Today I demonstrated Google plus to my students as we compared and contrasted Google Hangouts with Skype and Oovoo. As I went into Google plus, I just happened to be there as Stephen Downes pointed out a grammatical mistake I made on my Leadership post yesterday.
My students said:
“Hey, Mrs. Vicki, is that guy talking about you?”
Oops. He was. I had made a grammatical mistake (again.)
|Stephen Downes‘ Google plus post about my mistake.|
I don’t want to debate my mistake here. I made one. Period. I aim for zero grammatical mistakes and this mistake wasn’t in the original post but came when I went back and tweaked the post this morning – as I often do when I think I’ve written something I like. I didn’t proofread after I made the correction and thus embarrassed myself greatly, especially because someone of the stature of Stephen Downes caught it and let everyone know. I totally goofed up.
Quite a debate with those who know more than I do about grammar has ensued, and yet, I don’t defend my grammar. Here was my final comment on Google+ about why this particular post made me so incredibly angry.
I am not qualified to debate grammar and will let those more studied in the field do this. I do know subject and verb agreement and if I had proofread more thoroughly I would have caught it. Again, +Stephen Downes the issue I have here is that you called me on a mistake but did not tag me in the post, thus denying me the ability to 1) correct myself 2) learn from this and 3) include me in the conversation. It came across as a behind the back jab. THAT I made a mistake doesn’t make me angry at anyone except myself – but with what I’ve been through lately including a pretty bad illness – I’m going to cut myself some slack and hope that the meaning behind my words is powerful enough to bring people back to my blog.
What made me angry is that you didn’t tag me in the Google plus post and I found this by accident.
Thank you +Keith Hamon for sharing your thoughts. You are more qualified to discuss this than I am.
I was angry because this “felt” behind my back. He didn’t tag me and so I might not have seen it.
So, as my students watched me make the first response and fix the original post to correct myself. We finished up and then discussed what we have learned from this. Here are their findings:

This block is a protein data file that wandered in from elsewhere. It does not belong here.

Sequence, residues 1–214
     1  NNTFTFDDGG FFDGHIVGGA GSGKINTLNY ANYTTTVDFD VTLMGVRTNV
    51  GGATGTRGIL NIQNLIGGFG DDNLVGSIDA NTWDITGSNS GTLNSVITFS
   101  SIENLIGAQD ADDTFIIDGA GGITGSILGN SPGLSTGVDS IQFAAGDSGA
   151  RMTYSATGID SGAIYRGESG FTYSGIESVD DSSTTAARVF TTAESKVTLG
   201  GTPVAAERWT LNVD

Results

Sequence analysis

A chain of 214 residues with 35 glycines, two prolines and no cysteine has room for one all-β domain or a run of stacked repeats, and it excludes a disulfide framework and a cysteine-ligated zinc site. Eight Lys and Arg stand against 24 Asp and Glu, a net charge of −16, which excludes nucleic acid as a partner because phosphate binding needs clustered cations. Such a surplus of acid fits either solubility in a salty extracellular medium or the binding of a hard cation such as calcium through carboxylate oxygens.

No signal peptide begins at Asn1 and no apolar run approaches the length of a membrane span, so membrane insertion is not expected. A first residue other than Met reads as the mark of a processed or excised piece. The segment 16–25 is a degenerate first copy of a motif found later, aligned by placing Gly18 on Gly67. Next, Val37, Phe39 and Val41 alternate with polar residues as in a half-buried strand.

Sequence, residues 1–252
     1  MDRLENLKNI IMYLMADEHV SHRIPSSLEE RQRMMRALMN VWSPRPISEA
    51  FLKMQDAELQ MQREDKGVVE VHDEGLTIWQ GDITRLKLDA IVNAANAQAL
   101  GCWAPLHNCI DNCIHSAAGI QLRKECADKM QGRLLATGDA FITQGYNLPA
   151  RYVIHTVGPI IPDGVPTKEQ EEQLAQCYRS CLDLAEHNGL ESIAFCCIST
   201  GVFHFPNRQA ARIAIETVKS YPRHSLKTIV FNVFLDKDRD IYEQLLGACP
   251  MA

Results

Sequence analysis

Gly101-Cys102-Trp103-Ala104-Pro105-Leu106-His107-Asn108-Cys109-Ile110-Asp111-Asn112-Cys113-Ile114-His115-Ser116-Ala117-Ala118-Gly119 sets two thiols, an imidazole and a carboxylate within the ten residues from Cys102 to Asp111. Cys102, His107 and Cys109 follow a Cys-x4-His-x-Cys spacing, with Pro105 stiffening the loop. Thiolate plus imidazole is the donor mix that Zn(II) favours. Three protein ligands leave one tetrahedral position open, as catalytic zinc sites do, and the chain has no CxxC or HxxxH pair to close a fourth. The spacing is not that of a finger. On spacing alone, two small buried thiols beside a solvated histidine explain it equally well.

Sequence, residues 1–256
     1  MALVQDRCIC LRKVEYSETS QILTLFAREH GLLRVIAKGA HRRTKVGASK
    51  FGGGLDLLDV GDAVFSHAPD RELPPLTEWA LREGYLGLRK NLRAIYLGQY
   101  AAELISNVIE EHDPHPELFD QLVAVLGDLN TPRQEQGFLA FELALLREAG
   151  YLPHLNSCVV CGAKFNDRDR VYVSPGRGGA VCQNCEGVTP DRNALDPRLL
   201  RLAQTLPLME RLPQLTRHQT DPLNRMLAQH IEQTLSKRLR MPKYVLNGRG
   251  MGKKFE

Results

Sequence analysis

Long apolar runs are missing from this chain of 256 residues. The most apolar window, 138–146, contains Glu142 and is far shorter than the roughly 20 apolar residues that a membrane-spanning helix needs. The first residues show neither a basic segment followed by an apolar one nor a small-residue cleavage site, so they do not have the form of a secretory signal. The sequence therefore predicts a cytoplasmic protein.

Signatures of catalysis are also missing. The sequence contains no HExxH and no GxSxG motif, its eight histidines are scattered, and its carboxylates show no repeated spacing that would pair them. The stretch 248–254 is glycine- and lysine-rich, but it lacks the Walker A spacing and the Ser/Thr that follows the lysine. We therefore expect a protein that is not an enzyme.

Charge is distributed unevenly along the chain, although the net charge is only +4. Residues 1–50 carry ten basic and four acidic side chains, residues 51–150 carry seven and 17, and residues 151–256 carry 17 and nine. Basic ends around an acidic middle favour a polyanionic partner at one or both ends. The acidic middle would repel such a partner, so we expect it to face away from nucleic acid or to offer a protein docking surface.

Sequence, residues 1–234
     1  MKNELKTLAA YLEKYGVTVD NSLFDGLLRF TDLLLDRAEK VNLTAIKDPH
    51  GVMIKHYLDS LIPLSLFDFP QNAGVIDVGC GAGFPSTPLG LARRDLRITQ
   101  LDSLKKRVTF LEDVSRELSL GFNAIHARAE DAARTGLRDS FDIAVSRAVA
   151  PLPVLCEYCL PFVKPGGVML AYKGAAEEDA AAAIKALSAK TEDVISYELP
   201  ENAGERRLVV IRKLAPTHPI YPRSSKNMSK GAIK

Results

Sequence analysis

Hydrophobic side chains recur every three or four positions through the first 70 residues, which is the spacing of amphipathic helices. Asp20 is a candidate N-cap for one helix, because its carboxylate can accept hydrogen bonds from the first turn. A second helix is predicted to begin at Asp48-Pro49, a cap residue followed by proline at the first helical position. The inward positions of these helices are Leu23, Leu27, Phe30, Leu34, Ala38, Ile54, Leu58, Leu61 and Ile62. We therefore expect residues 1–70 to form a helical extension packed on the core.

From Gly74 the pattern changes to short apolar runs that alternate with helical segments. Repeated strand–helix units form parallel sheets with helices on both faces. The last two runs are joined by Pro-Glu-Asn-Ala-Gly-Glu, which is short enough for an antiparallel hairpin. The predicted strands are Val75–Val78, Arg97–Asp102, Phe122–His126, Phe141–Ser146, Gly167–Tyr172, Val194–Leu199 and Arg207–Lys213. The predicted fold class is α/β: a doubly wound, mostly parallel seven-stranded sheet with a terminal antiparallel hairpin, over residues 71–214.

- Making grammatical mistakes can harm your credibility. (A good lesson for students to learn.)
- There are people who will publicly embarrass you when you make grammatical mistakes. (They were angry that he did this to me, but I told them that because I have put myself out there and am writing for a larger audience, the expectations are higher for me. Although I certainly have excuses, I will make none. The mistake was mine and mine alone and I DO know better. I have to continue to try to be better.)
- When you talk about someone on a social network like Facebook or Google plus that it is BAD MANNERS to not tag them in the post. We discussed what would have happened if I hadn’t been online at just the moment Stephen wrote this and WHY that made me angry.
- Sometimes when something is new even experts make mistakes. I pointed out to them that Stephen Downes is someone that I respect a lot and learn a lot from his blog. I consider him an expert in the field of educational technology. I also think that from now on he will double check his tagging of people in Google plus as I will also work harder to do a better job of proofreading. One mistake does not write his expertise off in my book – hopefully one grammatical mistake will not write someone off in the books of my readers. If it does, then so be it. I feel like people deserve the benefit of the doubt.
- A typo should not discredit someone’s entire statement especially when written by a single author. When Stephen says the following statement, he misspells my name (I guess he didn’t proofread either) – does that mean he doesn’t know what he is talking about either? Of course not, he made a typo. “Why does this bother me? Because failure to align subject and verb demonstrates that the writer quite literally does not know what he or she is talking about. Vicking is talking about”
- Making social netiquette gaffes can also harm your credibility.
- The standards you use for others will come back to you eventually. In this case, in the same post. He publicly called me on grammar and as he did, he made a social media gaffe, so the public timeline also was told about his gaffe because he had made the conversation public in the first place. I hate it was public but it is OK in retrospect as there are a lot of teachable moments here.
- You should always fix your mistakes if you can. Mistakes are human but not fixing your mistakes is unprofessional. Fix your mistakes, try to make things right.
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